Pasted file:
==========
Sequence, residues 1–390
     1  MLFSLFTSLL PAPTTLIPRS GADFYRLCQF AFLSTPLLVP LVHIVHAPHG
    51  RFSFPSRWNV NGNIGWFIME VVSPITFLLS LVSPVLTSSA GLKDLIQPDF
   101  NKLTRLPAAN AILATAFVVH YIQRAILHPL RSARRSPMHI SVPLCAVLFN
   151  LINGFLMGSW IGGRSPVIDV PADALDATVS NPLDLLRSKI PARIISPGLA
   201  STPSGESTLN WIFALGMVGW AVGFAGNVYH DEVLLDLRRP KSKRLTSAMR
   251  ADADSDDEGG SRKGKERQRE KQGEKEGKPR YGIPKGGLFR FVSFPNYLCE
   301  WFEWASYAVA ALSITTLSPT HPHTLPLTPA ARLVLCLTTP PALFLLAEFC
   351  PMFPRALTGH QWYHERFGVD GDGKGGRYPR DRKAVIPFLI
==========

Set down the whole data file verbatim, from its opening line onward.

Sequence, residues 1–390
     1  MLFSLFTSLL PAPTTLIPRS GADFYRLCQF AFLSTPLLVP LVHIVHAPHG
    51  RFSFPSRWNV NGNIGWFIME VVSPITFLLS LVSPVLTSSA GLKDLIQPDF
   101  NKLTRLPAAN AILATAFVVH YIQRAILHPL RSARRSPMHI SVPLCAVLFN
   151  LINGFLMGSW IGGRSPVIDV PADALDATVS NPLDLLRSKI PARIISPGLA
   201  STPSGESTLN WIFALGMVGW AVGFAGNVYH DEVLLDLRRP KSKRLTSAMR
   251  ADADSDDEGG SRKGKERQRE KQGEKEGKPR YGIPKGGLFR FVSFPNYLCE
   301  WFEWASYAVA ALSITTLSPT HPHTLPLTPA ARLVLCLTTP PALFLLAEFC
   351  PMFPRALTGH QWYHERFGVD GDGKGGRYPR DRKAVIPFLI